• American Society of Blood and Marrow Transplantation, European Society of Blood and Marrow Transplantation, Blood and Marrow Transplant Clinical Trials Network, and International Myeloma Working Group Consensus Conference on Salvage Hematopoietic Cell Transplantation in Patients with Relapsed Multiple Myeloma.
  • 2015
  • Ingår i: Biology of Blood and Marrow Transplantation. - : Elsevier. - 1083-8791. ; 21:12, s. 2039-2051
  • Tidskriftsartikel (refereegranskat)abstract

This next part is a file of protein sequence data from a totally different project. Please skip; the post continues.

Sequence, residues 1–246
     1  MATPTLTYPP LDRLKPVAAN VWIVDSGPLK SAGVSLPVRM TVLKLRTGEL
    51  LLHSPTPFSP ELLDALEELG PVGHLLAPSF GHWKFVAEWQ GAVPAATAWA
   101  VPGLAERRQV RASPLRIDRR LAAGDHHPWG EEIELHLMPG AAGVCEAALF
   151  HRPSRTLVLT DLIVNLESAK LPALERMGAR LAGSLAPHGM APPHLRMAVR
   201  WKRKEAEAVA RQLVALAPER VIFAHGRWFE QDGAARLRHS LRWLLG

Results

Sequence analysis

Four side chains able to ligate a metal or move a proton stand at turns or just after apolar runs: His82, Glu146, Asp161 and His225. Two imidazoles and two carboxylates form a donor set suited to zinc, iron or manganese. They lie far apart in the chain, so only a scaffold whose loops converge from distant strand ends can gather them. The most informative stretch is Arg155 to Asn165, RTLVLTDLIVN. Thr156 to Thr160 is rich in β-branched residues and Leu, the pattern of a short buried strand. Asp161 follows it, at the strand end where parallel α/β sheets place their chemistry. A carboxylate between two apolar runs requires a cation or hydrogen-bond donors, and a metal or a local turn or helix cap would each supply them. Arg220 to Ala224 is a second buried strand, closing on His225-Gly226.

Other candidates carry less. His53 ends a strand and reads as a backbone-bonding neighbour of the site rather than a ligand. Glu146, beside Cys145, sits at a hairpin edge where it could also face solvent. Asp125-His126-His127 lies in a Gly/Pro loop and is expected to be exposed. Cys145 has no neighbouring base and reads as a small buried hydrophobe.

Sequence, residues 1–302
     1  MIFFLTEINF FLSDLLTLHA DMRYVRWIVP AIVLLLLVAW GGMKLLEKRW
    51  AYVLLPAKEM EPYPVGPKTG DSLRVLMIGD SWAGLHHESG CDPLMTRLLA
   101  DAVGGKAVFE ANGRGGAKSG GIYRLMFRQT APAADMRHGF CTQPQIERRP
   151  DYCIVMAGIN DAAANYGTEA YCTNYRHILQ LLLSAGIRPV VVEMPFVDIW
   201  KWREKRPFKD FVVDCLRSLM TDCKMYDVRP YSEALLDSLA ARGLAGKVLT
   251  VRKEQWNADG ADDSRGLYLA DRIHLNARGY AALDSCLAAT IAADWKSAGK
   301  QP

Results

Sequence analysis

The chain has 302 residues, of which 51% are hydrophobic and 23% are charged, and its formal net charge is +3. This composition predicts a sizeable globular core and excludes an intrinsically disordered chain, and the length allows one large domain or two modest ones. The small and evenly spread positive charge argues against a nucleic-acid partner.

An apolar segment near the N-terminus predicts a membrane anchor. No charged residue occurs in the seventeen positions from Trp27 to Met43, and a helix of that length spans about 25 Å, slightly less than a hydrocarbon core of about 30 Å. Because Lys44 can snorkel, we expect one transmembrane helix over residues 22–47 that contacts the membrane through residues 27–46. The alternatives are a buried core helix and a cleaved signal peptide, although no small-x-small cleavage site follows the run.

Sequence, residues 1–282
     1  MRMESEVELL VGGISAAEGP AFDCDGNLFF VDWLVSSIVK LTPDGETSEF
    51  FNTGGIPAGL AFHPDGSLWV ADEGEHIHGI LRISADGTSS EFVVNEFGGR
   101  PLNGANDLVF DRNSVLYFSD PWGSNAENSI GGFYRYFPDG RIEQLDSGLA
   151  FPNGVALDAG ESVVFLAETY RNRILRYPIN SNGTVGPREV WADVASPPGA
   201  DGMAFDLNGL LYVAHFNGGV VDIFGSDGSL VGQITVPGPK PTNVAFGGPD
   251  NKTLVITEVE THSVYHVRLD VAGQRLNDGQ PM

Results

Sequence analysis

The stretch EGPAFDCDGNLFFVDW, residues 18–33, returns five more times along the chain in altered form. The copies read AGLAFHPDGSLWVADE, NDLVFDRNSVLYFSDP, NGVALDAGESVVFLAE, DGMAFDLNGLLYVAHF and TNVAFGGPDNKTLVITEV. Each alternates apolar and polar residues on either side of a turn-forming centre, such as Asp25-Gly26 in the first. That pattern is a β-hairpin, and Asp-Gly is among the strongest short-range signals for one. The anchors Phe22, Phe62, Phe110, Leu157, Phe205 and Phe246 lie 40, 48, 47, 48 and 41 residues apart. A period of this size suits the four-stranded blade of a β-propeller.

• In contrast to the upfront setting in which the role of high-dose therapy with autologous hematopoietic cell transplantation (HCT) as consolidation of a first remission in patients with multiple myeloma (MM) is well established, the role of high-dose therapy with autologous or allogeneic HCT has not been extensively studied in MM patients relapsing after primary therapy. The International Myeloma Working Group together with the Blood and Marrow Transplant Clinical Trials Network, the American Society of Blood and Marrow Transplantation, and the European Society of Blood and Marrow Transplantation convened a meeting of MM experts to: (1) summarize current knowledge regarding the role of autologous or allogeneic HCT in MM patients progressing after primary therapy, (2) propose guidelines for the use of salvage HCT in MM, (3) identify knowledge gaps, (4) propose a research agenda, and (5) develop a collaborative initiative to move the research agenda forward. After reviewing the available data, the expert committee came to the following consensus statement for salvage autologous HCT: (1) In transplantation-eligible patients relapsing after primary therapy that did NOT include an autologous HCT, high-dose therapy with HCT as part of salvage therapy should be considered standard; (2) High-dose therapy and autologous HCT should be considered appropriate therapy for any patients relapsing after primary therapy that includes an autologous HCT with initial remission duration of more than 18 months; (3) High-dose therapy and autologous HCT can be used as a bridging strategy to allogeneic HCT; (4) The role of postsalvage HCT maintenance needs to be explored in the context of well-designed prospective trials that should include new agents, such as monoclonal antibodies, immune-modulating agents, and oral proteasome inhibitors; (5) Autologous HCT consolidation should be explored as a strategy to develop novel conditioning regimens or post-HCT strategies in patients with short (less than 18 months remissions) after primary therapy; and (6) Prospective randomized trials need to be performed to define the role of salvage autologous HCT in patients with MM relapsing after primary therapy comparing it to "best non-HCT" therapy. The expert committee also underscored the importance of collecting enough hematopoietic stem cells to perform 2 transplantations early in the course of the disease. Regarding allogeneic HCT, the expert committee agreed on the following consensus statements: (1) Allogeneic HCT should be considered appropriate therapy for any eligible patient with early relapse (less than 24 months) after primary therapy that included an autologous HCT and/or high-risk features (ie, cytogenetics, extramedullary disease, plasma cell leukemia, or high lactate dehydrogenase); (2) Allogeneic HCT should be performed in the context of a clinical trial if possible; (3) The role of postallogeneic HCT maintenance therapy needs to be explored in the context of well-designed prospective trials; and (4) Prospective randomized trials need to be performed to define the role salvage allogeneic HCT in patients with MM relapsing after primary therapy.